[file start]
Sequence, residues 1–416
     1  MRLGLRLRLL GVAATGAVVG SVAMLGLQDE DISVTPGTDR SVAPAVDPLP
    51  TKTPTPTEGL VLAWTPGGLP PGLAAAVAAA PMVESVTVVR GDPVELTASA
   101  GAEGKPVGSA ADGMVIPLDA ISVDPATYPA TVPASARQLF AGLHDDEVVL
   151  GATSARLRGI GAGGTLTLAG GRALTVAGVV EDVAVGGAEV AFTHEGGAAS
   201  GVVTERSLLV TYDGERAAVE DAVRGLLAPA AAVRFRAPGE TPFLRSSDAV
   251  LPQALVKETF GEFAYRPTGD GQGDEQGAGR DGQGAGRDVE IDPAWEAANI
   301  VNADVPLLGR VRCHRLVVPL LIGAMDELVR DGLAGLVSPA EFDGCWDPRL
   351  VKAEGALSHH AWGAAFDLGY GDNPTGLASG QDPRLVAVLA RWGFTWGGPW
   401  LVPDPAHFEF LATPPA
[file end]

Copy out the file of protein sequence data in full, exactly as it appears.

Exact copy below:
Sequence, residues 1–416
     1  MRLGLRLRLL GVAATGAVVG SVAMLGLQDE DISVTPGTDR SVAPAVDPLP
    51  TKTPTPTEGL VLAWTPGGLP PGLAAAVAAA PMVESVTVVR GDPVELTASA
   101  GAEGKPVGSA ADGMVIPLDA ISVDPATYPA TVPASARQLF AGLHDDEVVL
   151  GATSARLRGI GAGGTLTLAG GRALTVAGVV EDVAVGGAEV AFTHEGGAAS
   201  GVVTERSLLV TYDGERAAVE DAVRGLLAPA AAVRFRAPGE TPFLRSSDAV
   251  LPQALVKETF GEFAYRPTGD GQGDEQGAGR DGQGAGRDVE IDPAWEAANI
   301  VNADVPLLGR VRCHRLVVPL LIGAMDELVR DGLAGLVSPA EFDGCWDPRL
   351  VKAEGALSHH AWGAAFDLGY GDNPTGLASG QDPRLVAVLA RWGFTWGGPW
   401  LVPDPAHFEF LATPPA